Mon 18 Jan 2010
NEW… We have created a map set and trail guide for the McGee Creek Natural Scenic Recreation Area that is now available in our Store
The McGee Creek Natural Scenic Recreation Area (NSRA) in southeastern Oklahoma is a very convenient place for us to hike, since it is not far from where we live. The NSRA is located near Atoka and Antlers in Oklahoma, and it offers backpacking, hiking, and equestrian camping opportunities with many miles of trails.
I am working on developing a trail guide for the area, since little information is available. The brief trail map offered at the trail head is generally accurate as far as the trail location, but many of the distances are incorrect. I use a GPS data logger as I hike to correctly measure position and distance along each trail.
When doing a short hike with our kids back in December, the map at the permit station indicated that two new trails had been opened. We were anxious to try them out, and this holiday gave us that chance.
For this hike, it was just Jana and I with a light day pack. Temperatures was 45 to 60 degrees, and it was partly cloudy, which provided very good hiking conditions. From the trail head, we hiked north and then took the South Rim trail.
Before we reached Box Spring camp (near the junction of South Rim and Bog Spring trails), a new trail left toward the east. I will call it the Bog Spring trail, although no name is listed at the permit station. This trail provides much easier access to the east side of the McGee Creek NSRA, which had been a long hike north and around to a couple of camp areas on the southeast corner in the NSRA. The Bog Spring trail was in good condition, and allowed us to hike side by side for much of the trail. This new trail connects to roughly the middle point of the Hog Camp trail, near the equestrian camp E2.
We turned north onto the Hog Camp trail and followed it up until it came to a junction with the Hunters Cabin trail and short trail to the east which went to the east boundary. The boundary trail now is also open around the northeast corner of the NSRA boundary. We did not take this boundary trail, but it looks to be in decent shape and well blazed.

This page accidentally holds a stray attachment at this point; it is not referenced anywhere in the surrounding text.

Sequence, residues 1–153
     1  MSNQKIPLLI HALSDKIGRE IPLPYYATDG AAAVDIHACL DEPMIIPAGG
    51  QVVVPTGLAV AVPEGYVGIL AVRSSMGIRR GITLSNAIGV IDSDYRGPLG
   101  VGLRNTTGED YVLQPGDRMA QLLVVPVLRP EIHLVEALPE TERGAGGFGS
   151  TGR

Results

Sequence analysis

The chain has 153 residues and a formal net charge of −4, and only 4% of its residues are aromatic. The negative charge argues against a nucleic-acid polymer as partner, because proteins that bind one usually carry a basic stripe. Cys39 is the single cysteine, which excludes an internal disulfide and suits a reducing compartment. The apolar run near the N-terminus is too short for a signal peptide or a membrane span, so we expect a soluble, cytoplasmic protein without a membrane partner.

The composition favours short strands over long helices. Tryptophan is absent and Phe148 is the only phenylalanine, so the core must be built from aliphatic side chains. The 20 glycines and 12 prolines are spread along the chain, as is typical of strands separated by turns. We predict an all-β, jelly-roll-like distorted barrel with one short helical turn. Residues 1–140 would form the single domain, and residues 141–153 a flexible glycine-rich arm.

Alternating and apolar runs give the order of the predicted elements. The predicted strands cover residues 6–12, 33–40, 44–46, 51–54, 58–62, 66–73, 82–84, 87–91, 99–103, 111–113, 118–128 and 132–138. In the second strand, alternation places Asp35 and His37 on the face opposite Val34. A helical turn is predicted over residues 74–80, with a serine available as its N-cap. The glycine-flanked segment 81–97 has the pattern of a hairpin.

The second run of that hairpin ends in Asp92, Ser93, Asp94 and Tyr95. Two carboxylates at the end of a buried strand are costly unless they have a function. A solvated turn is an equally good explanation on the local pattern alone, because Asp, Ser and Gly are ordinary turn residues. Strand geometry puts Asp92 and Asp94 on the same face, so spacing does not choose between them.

From the junction, we followed the Hunters Cabin trail toward the northwest. You will notice on our map a very small spur trail we took near the middle of the Hunters Cabin trail. This used to go to an old hunting cabin and outhouse. However, the cabin and outhouse have been demolished and removed. The area is now cleared, with two picnic tables and charcoal grills. I wonder if there are plans to put another equestrian camp here, but no information was available. The Hunters Cabin trail was in good shape, mostly double track, and nice hiking.
We continued on the Hunters Cabin trail until we came to the junction with the Coon’s Way Trail. This trail leads to the northern boundary of the NSRA, and it also connects with another trail called Wolf Creek as indicated on the state of Oklahoma map. However, as we hiked the Coon’s Way trail, there were no indications of the Wolf Creek trail, so it apparently is no longer marked or used. After reaching the northern boundary, we returned south on Coon’s Way, back to the Hunters Cabin trail and continued west on it.
Hunters Cabin connects to the northern end of the South Rim trail, and there are good backpacking camping areas there as well (B5 on the state map). We took the South Rim trail south to return us back to the parking area. The South Rim trail is also in good shape, with easy double track hiking through pine trees. The trees at the edge of the Bugaboo Canyon were too tall to see much from the overlook, but it was still very enjoyable as we made good time along the trail.
There had been some rain the previous week, so most of the creeks and streams were flowing, which is somewhat unusual for this area. Water sources are often limited to the lake on the west side of the NSRA, the Box Spring near Box Spring Camp, or the permit station at the trail head.
Our overall hike was 12 miles. We saw a few horses near the trail head, but once on the trail, we did not see anyone at all. Another great feature of the NSRA is the wooded environment. The tree cover helps to keep the hot sun off of you when hiking in the warmer months. The NSRA also does not have large elevation changes, so hiking with your family or kids would be an option as well.
Click on either graphic below to see a larger overview of our route on either a topographical or satellite map.